On average, US elementary schools have six- to eight-acre sites. As Whitmire notes, Rocketship schools ‘got built on tiny parcels of land, using inexpensive modular construction’. At one point, Danner challenged his contractors to come up with a prefabricated school building that would occupy no more than a quarter-acre. But the real savings had to be made elsewhere – in the wage costs that typically make up 75 to 80 per cent of a school’s expenditure. The Rocketship model had to combine continuously-improving test results with a drastic reduction in staffing costs.
‘Kids right out of college’
To staff its schools, Rocketship relies on Teach for America recruits. These are recent graduates who have committed themselves to two years of teaching; they form a significant part of the workforce of charter schools. Their training consists of a five-week summer camp. Danner and Preston Smith, who had both come to teaching via TFA, regarded the organisation as ‘an incredible recruiting and selection company’. In 2012, 75 per cent of Rocketship teachers were either TFA trainees or recent ‘alumni’.
This means that a high staff turnover is built into the model, since few TFA teachers stay in the classroom for more than two years. According to Gordon Lafer’s report for the Economic Policy Institute, the average rate of turnover at Rocketship schools in 2012-13 was 29%. Rocketship’s Si Se Puede Academy lost 37% of its teachers in the year that Bruno Reddy and other ARK staff visited.
Very unusually for elementary school teachers, Rocketship staff are ‘subject specialists’. They teach either maths or literacy: two blocks of literacy instruction per day, or four blocks of maths (by 2013, instruction in both subjects had been totally standardised). This is one way of managing a young, inexperienced, and high-turnover workforce. But, as a Rocketship teacher points out, ‘building relationships with 60 or 120 elementary students and their families, as well as maintaining classroom culture throughout the day, is difficult’.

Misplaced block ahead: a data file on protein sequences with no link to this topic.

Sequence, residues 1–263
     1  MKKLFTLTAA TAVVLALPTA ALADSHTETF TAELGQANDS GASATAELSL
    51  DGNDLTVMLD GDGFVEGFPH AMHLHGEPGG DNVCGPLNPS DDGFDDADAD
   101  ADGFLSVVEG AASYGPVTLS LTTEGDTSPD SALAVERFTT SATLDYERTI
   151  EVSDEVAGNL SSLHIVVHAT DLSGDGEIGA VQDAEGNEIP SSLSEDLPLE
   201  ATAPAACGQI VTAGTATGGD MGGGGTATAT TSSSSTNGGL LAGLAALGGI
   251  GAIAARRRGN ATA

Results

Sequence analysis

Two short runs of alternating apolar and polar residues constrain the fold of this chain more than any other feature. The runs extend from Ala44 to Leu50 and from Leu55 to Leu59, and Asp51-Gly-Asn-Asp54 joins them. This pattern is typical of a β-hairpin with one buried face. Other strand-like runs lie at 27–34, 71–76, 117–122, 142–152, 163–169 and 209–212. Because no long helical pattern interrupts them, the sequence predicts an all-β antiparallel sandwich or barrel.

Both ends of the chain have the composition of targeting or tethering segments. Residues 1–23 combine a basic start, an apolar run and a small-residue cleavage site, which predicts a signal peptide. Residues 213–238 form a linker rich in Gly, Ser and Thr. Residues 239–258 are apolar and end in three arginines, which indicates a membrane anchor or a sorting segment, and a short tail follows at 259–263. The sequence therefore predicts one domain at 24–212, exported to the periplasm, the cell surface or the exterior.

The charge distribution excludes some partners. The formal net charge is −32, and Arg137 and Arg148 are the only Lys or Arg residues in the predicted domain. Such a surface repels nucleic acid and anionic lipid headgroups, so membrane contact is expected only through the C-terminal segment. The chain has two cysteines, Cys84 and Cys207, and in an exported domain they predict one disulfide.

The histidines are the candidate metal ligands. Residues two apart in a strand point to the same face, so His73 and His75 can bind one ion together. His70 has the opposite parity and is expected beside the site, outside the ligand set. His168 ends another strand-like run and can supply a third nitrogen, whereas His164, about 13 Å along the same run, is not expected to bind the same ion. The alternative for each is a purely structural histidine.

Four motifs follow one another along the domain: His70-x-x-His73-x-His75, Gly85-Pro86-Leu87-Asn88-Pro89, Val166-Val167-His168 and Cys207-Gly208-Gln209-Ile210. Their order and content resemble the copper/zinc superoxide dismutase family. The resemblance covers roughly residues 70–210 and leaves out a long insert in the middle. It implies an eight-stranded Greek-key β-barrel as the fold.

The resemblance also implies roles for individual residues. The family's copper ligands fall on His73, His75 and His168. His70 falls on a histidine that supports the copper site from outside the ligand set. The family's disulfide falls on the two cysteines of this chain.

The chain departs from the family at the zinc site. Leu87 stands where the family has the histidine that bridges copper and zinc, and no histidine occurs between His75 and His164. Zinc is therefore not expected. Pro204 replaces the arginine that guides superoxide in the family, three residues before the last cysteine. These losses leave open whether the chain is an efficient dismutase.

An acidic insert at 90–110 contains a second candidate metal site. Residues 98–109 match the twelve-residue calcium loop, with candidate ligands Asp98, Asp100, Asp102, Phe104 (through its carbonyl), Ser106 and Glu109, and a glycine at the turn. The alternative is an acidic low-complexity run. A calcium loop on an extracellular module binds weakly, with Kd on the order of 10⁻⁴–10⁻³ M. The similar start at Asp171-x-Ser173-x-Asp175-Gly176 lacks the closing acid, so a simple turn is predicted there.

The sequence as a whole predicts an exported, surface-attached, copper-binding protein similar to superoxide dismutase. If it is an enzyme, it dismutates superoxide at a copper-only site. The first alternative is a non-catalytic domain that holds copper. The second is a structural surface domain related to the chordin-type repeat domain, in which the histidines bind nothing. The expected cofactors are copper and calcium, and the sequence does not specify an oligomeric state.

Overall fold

Teachers are given ‘rigorous support’ by managers known as ‘academic deans’. These are ‘master teachers’ – in other words, people with two or three years’ experience of the Rocketship model – who work with new staff to ‘improve their instructional practice’. Coaching can take place in real time, with an academic dean instructing a new teacher from the back of the class via a wireless headset (for a first-hand account of this type of ‘professional development’, which is surprisingly common in charter schools, see here).
Young, inexperienced trainees – ‘a lot of kids right out of college’, in Danner’s words – are not likely to question the model imposed by Rocketship’s management. The result is that teaching is degraded into training for standardised tests. A Rocketship teacher explains to Richard Whitmire how she cultivates ‘critical thinking’ in her pupils:
In order to connect testing to students’ lives, we think about critical thinking within test taking: this question is trying to trick me in this way….This answer is wrong because of this.